AUSTIN (KXAN) — This past weekend, bars in Texas were given the green light by state government to reopen so long as they maintained certain requirements like operating at 25% of total listed capacity.
As bars opened their doors under the new rules which went into effect Friday, May 22, the Texas Alcoholic Beverage Commission was out patrolling for compliance and reports that so far, TABC “has taken no formal action against any businesses in the state for violation of the 25% capacity order outlined in Governor Abbott’s executive order.”
The state has outlined rules for bars to reopen while protecting against the spread of the novel coronavirus.
The state’s protocols tell bars to only provide service to people who are seated and that parties should stay six feet away from other parties at all times, including when waiting to be seated. Additionally, activities that encourage close human contact such as dancing are discouraged. The protocols ask bars or similar establishments to consider having all employees and contractors wear cloth face coverings over their nose and mouth, if available.
Chris Porter, a Public Information Officer for TABC, explained that the agency has met with bar owners, including some in Austin, to “address potential violations that were observed by TABC agents over the weekend.”
“In each case, the issues were resolved through education and informal warnings,” Porter said.
TABC said that its agents visited 400 businesses statewide over the weekend. The agency reported that some of these visits were done undercover and that these undercover visits “did not observe any violations of the governor’s orders.”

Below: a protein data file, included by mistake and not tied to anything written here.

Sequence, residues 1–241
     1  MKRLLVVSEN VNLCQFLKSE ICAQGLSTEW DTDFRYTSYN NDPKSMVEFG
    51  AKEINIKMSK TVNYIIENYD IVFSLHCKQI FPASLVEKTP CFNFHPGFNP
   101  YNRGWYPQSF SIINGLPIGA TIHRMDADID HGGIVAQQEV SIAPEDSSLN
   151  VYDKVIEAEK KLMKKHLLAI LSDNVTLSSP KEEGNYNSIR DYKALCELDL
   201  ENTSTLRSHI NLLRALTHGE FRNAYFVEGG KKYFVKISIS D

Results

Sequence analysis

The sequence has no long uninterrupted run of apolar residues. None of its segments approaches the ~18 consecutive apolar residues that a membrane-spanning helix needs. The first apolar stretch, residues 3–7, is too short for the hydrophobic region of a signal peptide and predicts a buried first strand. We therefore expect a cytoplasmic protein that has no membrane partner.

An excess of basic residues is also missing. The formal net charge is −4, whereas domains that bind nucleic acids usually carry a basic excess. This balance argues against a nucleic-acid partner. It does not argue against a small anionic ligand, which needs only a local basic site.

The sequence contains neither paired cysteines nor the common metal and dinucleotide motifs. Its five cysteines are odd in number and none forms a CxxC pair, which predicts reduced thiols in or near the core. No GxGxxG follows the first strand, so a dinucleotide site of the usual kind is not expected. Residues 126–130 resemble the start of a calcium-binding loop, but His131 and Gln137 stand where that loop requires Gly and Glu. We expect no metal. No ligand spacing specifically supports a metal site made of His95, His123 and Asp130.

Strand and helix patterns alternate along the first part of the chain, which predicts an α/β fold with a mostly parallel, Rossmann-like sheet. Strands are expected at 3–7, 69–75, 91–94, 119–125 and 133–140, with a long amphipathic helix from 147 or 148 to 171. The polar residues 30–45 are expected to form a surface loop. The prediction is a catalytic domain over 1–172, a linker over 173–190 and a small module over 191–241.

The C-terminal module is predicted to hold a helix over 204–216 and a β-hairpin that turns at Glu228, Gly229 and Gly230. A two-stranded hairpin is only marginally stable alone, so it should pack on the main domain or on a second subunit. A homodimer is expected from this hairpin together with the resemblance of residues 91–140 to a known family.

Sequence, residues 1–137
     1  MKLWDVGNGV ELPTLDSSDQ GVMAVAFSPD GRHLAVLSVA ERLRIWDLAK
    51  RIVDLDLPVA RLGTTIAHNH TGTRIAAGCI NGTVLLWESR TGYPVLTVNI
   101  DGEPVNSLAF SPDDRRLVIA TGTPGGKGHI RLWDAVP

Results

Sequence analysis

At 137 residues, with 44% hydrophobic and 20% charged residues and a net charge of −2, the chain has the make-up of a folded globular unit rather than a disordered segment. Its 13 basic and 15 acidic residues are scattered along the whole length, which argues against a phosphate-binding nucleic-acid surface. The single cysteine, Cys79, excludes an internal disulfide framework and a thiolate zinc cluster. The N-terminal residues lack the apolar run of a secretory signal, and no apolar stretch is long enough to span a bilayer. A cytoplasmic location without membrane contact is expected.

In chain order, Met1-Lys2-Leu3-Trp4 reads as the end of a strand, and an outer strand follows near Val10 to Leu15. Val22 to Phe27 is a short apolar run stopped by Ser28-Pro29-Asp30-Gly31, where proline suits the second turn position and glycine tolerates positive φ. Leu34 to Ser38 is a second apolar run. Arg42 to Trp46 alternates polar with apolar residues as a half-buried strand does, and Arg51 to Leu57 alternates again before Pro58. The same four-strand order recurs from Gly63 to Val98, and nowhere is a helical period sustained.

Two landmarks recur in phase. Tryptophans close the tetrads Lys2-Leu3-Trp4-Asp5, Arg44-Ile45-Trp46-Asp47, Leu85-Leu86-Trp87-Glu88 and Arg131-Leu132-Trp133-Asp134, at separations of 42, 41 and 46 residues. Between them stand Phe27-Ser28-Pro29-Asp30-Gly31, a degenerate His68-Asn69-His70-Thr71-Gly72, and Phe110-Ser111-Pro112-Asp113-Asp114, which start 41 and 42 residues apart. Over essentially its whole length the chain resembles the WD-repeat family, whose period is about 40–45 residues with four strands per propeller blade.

State orders earlier in the pandemic mandated that bars close unless those bars also had food available for pickup. The new rules on Friday marked a shift in options for socializing across Texas.
Texas Governor Greg Abbott said the rules related to bars will be enforced by TABC. If local officials receive a complaint about bars not following the rules, the TABC will investigate. TABC has the power to suspend a bar’s liquor license for 30 days on the first offense and 60 days for the second.
Reports in Austin
In Austin over the weekend, there were several reports of crowded bars. Austin Mayor Steve Adler highlighted two videos that appeared to show crowds at Austin establishments over the weekend.
“These two videos are from Buford’s on 6th & Plaza De Toros R3,” the mayor said in a Tweet. “Heard these weren’t the only two packed places. Please maintain six feet distance and wear a face covering to give the Governor’s reopening of the economy the best chance to succeed – and last.”
The video first appears to be from an Instagram story belonging to PLAZA De TOROS R3, an establishment located near Circuit of the Americas in far southeast Austin which identifies on Facebook as a dance and night club venue. The video pans across a large outdoor area with people packed shoulder-to-shoulder and music blaring. When KXAN called PLAZA De TOROS R3 Tuesday, the person who answered the phone said they had “no comment.”
TABC said that they don’t believe any of their employees visited Plaza De Toros over the weekend, but the agency will “examine the video to determine if a visit to the bar is necessary.”